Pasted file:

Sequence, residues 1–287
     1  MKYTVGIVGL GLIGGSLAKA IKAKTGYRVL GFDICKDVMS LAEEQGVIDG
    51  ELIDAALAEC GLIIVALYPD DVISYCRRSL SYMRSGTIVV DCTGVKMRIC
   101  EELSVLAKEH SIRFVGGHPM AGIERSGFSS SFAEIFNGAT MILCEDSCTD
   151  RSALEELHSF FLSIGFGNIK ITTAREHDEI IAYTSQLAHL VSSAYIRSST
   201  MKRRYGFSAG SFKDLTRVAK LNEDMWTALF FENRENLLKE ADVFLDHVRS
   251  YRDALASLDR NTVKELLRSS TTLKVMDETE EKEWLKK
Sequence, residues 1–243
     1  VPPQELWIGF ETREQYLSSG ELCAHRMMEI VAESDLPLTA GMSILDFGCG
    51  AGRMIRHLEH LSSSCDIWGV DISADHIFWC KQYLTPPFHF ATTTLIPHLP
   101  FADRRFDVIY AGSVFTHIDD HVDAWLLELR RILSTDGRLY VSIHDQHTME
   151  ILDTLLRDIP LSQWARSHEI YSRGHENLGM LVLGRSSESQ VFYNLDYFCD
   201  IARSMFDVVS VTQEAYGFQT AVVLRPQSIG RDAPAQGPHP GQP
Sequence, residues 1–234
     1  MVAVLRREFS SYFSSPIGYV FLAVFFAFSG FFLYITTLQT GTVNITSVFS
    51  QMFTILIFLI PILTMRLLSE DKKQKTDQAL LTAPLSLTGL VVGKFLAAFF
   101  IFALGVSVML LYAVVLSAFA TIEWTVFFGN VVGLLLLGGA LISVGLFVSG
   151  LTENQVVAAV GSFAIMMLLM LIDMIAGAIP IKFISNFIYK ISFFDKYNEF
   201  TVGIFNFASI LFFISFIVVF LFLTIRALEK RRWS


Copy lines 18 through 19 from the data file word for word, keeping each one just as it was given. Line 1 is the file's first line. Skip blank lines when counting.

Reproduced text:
   151  LTENQVVAAV GSFAIMMLLM LIDMIAGAIP IKFISNFIYK ISFFDKYNEF
   201  TVGIFNFASI LFFISFIVVF LFLTIRALEK RRWS